This is a small dog weighing 10 to 20 pounds and measuring 7 to 11 inches tall. She can have a short to medium, or long length straight coat. Colors can be orange, copper, browns, silver, red, black, golden, cream and white. Ears can be erect, and she has a dark nose and eyes. She also has a long tail and a sturdy body looking like a smaller Corgi. Her legs are short.
Training and Exercise Needs
How active does the Chigi need to be?
The Chigi is fairly active so will need a good couple of walks a day as well as some play time around the house or apartment. Her size means she can live in an apartment comfortably. Taking her to a dog park on a regular basis is a good way to give her play time, socializing time and off leash time. She does not need a yard but it is a bonus place to play in. Be warned she often inherits a strong herding instinct from the Corgi parent so she may try to herd you, the kids, and any other animals around!
Does she train quickly?
This is an easy to train dog usually, though from the Chihuahua she can inherit some willfulness so occasionally owners have some problems. She is smart so when she is inclined to listen she needs less repetition than many other dogs and can learn more quickly. Make sure she is trained and socialized from a young age so that she can be the best dog she can be.
Living with a Chigi
How much grooming is needed?
The Chigi has moderate needs in terms of maintenance and grooming. She does shed an average amount so there is loose hair in her coat that needs brushing out regularly and be prepared to clear up around the house too. Brush her at least a couple of times a week to keep the coat healthy. Give her a bath just when she gets dirty enough to need one. Bathing too often is not a good thing as it damages her natural oils which can lead to skin problems. Give her nails a clip if they get too long if you know how to do this carefully. If you do not you should take her to a groomers. You can also check her ears and wipe them clean and brush her teeth at least twice a week.
What is she like with children and other animals?
Chigis are good with children and friendly with other pets too. As mentioned she may try to herd them! Some Chigis can be small like the Chihuahua so some supervision may be needed around smaller children who are not as careful as they might need to be.
This is not a good dog if you want a watchdog. She will bark occasionally and she needs to be fed ¾ to 1½ cups of good quality dry dog food a day split into two meals.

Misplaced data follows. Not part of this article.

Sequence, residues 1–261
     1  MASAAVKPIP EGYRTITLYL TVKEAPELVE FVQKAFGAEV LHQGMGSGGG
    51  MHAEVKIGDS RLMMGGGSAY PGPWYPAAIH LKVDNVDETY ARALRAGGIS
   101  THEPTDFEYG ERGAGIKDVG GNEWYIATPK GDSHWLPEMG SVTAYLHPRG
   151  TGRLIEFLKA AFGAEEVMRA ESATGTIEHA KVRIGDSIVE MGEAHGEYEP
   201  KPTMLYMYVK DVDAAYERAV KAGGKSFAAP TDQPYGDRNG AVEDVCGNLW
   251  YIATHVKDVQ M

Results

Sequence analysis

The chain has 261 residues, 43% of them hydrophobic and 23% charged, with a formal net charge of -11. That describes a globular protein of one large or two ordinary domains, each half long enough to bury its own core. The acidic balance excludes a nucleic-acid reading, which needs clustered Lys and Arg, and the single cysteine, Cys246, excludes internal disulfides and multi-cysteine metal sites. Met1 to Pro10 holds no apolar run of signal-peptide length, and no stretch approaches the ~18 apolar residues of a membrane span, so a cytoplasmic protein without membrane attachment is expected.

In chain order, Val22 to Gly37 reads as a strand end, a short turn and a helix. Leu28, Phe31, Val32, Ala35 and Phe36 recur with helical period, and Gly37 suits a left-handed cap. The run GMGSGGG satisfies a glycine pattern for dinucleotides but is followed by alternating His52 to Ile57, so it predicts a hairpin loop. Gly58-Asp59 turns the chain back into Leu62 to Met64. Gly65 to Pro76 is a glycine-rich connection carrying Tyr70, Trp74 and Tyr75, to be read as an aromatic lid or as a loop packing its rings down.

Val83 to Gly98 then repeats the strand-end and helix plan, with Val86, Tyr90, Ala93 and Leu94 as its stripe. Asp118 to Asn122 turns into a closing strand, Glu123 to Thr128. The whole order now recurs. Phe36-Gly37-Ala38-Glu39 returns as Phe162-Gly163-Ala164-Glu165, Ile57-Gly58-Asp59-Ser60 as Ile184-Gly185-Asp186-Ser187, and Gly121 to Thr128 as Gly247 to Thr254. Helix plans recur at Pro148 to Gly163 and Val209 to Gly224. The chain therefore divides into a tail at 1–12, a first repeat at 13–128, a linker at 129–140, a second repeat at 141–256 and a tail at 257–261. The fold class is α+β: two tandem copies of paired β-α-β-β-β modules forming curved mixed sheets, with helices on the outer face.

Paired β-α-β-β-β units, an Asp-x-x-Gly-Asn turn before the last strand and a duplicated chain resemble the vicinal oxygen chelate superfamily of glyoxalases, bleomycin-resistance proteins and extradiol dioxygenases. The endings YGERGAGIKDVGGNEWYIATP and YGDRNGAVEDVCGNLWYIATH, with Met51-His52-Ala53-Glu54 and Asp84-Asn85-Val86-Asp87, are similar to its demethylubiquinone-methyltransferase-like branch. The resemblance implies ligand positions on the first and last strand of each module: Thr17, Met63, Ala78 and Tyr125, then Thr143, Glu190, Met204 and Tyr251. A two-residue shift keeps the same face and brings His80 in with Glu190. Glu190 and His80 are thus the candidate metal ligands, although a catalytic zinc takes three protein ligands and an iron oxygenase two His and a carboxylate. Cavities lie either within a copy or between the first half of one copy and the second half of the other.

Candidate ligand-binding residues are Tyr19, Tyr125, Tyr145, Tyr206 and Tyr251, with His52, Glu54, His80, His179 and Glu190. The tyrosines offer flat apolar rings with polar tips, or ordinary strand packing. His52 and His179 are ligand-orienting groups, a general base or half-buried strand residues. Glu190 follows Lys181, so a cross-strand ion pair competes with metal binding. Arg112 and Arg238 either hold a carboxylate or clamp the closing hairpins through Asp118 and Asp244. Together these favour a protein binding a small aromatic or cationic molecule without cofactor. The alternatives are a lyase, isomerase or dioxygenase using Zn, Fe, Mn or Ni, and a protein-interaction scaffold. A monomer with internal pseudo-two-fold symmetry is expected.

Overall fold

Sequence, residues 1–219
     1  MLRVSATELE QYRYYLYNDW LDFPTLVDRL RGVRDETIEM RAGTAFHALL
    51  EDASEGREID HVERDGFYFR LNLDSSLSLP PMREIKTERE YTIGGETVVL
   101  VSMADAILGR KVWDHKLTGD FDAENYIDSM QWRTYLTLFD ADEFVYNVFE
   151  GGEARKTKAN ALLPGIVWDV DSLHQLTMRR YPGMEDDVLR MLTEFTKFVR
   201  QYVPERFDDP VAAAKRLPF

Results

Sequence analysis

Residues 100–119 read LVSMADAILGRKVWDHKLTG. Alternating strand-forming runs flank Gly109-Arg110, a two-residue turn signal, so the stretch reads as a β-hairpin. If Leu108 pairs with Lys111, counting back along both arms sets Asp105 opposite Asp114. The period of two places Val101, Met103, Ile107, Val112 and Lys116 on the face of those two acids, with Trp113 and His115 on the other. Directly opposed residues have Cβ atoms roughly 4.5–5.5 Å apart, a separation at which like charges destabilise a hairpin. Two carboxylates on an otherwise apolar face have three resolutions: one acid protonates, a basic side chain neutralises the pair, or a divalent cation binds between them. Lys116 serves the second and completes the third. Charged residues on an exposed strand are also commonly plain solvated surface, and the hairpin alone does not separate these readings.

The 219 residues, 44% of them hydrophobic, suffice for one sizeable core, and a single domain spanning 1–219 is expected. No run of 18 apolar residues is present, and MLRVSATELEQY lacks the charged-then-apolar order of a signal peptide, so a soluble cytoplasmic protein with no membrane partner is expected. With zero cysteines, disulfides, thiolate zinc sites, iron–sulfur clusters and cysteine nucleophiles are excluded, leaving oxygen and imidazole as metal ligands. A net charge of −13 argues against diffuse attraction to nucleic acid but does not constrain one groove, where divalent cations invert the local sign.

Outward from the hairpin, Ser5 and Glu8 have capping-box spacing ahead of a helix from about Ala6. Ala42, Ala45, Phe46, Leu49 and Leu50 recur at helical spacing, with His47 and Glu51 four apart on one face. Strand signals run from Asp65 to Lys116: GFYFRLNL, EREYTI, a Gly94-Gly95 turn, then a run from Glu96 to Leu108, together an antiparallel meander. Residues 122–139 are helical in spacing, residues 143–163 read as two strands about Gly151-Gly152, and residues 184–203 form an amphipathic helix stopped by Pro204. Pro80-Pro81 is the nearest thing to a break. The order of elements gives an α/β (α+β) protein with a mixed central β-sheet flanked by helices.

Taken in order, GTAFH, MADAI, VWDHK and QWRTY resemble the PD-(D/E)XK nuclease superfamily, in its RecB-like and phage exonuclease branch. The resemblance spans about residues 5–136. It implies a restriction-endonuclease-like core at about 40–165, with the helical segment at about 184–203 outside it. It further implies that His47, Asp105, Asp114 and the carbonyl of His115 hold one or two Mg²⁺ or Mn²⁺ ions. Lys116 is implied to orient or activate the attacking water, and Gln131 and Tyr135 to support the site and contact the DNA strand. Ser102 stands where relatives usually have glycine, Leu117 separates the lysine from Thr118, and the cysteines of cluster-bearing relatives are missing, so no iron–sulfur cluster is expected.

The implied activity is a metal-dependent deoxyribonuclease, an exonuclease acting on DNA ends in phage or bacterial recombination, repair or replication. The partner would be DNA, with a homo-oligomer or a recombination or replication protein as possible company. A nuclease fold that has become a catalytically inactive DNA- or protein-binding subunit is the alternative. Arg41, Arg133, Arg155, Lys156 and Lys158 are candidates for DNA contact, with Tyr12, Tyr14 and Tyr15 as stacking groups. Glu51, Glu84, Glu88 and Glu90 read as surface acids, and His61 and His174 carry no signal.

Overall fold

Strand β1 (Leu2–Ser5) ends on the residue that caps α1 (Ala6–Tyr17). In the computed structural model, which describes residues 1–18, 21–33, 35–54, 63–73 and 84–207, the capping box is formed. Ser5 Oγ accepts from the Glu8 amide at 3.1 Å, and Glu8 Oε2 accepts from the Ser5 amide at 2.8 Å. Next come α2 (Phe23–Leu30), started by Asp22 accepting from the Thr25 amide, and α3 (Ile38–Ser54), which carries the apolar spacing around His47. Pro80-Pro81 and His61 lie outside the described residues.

There is a chance that is her parents have certain conditions they can be passed on to her. For this reason it is a very good idea to only buy from good breeders and ask them to show you parental health clearances. You can also visit the puppy to see the conditions it has been bred in and get a better feel for the breeders. Those parental health concerns for the Chigi include Patellar Luxation, Hypoglycemia, Heart problems, Epilepsy, Collapsed Trachea, Hydrocephalus, Open Fontanel, Eye problems, Cystinuria, DM, IVDD, Von Willebrands, PDA, Cutaneous Asthenia, Shivering and Hip dysplasia.
Costs involved in owning a Chigi
A Chigi puppy can cost between $200 to $750. Other costs will have to be covered for things like a crate, carrier, collar, leash, blood tests, deworming, shots, spaying and micro chipping. They come to between $385 to $430. Annual medical costs can be between $435 to $535 and that is just for the essentials like shots, pet insurance, check ups and flea prevention. Other annual costs for things like toys, grooming, food, treats, training and a license come to between $575 to $675.
Looking for a Chigi Puppy Name? Let select one from our list!
If you love both the Chihuahua and the Corgi then you will of course love the Chigi. She is a great companion well suited for couples or families, houses or apartments. She is an eager, happy and friendly little dog and you will fall in love with her even when she starts herding you!
Featured Image Credit: penguiniz, Shutterstock
Nicole is the proud mom of Baby, a Burmese cat and Rosa, a New Zealand Huntaway. A Canadian expat, Nicole now lives on a lush forest property with her Kiwi husband in New Zealand. She has a strong love for all animals of all shapes and sizes (and particularly loves a good interspecies friendship) and wants to share her animal knowledge and other experts’ knowledge with pet lovers across the globe.
- Where does the Chigi come from?
- What does the Chigi look like
- Training and Exercise Needs
- Living with a Chigi
- Health Concerns
- Costs involved in owning a Chigi